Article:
CDSA

M&E Journal: Entertainment Auditing Reaches a New Level

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By Chris Johnson, Global Director, Anti-Piracy & Compliance Programs, Content Delivery & Security Association (CDSA) –

This month marks 15 years that I have been actively involved in auditing third-party vendors on behalf of content owners and studios. From forensic work tracking down stolen Beatles tapes to copyright and licensing verification during the early CD days, to my current content protection certification efforts on behalf of CDSA, my career has evolved with a changing media and threat landscape.

However, the past six months saw the most accelerated change I can remember. CDSA’s 2017 security audit and assessment visits by its worldwide audit team have increased 143 percent in 2017 versus 2016, reflecting a radical adoption of industry security processes among the film and television industry’s leading technology partners and vendors.

According to CDSA’s year-end 2017 forecast, association auditors will have visited 277 sites this year compared to 114 sites that were visited for these same programs the previous year. The greatest growth comes from the U.S. and Canada, and the predominant business category now being reviewed worldwide are digital services. And while the bulk of the annual work is studio-assigned assessment reviews, the core, vendor support of CDSA’s certification program alone grew by over 28 percent.

These numbers reflect a growing focus on security by the vendor community that now widely recognizes that content protection preparedness is an integral business responsibility for their customers, their companies and their employees. Vendors recognize that security has quickly moved to the top of the list for studios evaluating the services of their production partners.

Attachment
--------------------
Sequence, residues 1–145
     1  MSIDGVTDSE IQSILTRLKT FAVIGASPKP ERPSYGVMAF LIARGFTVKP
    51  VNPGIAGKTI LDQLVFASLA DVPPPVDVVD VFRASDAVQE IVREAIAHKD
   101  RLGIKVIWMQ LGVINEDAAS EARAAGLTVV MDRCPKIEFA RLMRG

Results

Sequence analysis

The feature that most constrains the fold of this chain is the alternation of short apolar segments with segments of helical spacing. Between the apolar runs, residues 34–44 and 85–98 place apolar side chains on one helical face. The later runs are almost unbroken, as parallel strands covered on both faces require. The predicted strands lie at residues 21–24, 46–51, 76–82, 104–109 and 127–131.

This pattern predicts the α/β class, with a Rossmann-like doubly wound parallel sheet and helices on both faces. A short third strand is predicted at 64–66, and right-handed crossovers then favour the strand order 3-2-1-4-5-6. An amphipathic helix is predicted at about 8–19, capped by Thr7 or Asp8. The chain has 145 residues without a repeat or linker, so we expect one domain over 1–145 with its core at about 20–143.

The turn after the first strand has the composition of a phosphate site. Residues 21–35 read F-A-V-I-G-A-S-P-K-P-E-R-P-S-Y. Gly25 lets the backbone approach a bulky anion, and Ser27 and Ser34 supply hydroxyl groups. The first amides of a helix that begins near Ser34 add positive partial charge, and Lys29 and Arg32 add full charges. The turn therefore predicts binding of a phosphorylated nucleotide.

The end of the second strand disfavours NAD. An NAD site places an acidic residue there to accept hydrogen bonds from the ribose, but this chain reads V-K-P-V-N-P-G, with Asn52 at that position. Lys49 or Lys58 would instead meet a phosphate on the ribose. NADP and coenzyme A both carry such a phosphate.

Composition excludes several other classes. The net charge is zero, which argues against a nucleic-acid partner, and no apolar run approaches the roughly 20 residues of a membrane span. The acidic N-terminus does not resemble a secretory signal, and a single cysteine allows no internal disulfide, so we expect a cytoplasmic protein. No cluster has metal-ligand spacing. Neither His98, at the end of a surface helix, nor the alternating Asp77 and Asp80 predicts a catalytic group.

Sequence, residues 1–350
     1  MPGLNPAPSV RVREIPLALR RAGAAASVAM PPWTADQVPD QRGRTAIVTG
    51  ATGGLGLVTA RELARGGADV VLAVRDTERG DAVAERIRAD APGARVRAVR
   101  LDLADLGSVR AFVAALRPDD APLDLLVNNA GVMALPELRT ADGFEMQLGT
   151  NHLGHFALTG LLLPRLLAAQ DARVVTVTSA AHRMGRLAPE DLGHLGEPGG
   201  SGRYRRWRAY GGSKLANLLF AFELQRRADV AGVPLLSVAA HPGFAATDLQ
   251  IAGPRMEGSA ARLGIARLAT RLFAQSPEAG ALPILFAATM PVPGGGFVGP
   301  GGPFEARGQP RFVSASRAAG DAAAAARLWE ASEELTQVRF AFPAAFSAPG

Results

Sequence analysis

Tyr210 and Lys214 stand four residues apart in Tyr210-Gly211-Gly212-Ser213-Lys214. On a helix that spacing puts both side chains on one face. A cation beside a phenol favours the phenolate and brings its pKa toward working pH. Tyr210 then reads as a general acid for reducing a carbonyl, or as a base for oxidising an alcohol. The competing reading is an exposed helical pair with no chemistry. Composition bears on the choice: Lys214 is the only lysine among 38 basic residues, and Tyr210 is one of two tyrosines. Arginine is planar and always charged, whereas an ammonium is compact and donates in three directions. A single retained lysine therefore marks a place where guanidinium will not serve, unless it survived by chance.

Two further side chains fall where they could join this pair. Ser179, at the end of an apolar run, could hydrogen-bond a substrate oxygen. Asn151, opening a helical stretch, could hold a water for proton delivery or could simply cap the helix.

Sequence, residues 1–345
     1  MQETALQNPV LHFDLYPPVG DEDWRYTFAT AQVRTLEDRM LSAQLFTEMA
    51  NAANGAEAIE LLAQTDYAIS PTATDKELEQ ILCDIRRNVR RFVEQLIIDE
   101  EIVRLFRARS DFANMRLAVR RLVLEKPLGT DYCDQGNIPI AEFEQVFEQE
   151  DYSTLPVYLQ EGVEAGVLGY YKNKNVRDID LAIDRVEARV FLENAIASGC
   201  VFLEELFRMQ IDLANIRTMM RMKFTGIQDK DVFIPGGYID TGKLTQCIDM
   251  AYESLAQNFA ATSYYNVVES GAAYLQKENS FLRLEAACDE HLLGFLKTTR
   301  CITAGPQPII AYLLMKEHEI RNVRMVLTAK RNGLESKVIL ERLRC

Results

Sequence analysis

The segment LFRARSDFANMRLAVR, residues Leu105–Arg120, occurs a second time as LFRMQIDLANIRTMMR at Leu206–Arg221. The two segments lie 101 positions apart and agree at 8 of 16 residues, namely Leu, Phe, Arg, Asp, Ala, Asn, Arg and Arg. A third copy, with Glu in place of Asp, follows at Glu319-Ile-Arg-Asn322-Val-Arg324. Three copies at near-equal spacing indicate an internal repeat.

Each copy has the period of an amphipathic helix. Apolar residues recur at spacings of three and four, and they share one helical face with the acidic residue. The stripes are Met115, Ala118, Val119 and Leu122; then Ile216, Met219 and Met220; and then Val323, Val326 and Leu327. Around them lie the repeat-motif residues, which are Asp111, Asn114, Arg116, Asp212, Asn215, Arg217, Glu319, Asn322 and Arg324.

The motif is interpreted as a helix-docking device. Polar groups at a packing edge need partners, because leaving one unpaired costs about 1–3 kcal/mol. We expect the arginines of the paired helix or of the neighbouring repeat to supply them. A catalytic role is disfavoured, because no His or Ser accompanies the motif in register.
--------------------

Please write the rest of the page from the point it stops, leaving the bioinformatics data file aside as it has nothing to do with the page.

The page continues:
What’s more, there’s been an increased diversification of those services now being audited. From the core digital services companies, to post production, to on-set productions, cloud services and localization, virtually everyone who touches content prior to release is joining the industry-wide security effort, which itself is widening from the majors, who have long led the charge, to independent studios and emerging OTT giants.

Security needs differ from movies to TV

As the sphere of content protection expands, the Hollywood security community must respond to calls for better work efficiencies and transparency in more application specific workflows and best practices. It is widely understood that the security needs of the television production and distribution communities are different from those applied to major motion pictures.

Securing a localization house is very different than a movie set.

Of course, the content protection and security landscape will shift, and new threats will emerge, but with a tighter, more security conscious entertainment business culture across multiple business units — one that starts at the screenwriter’s keyboard and follows the content in every step to the final distribution hand off — our industry can save millions of dollars, protect jobs and revenue throughout multiple engagement channels, and advance the global, consumer entertainment experience.

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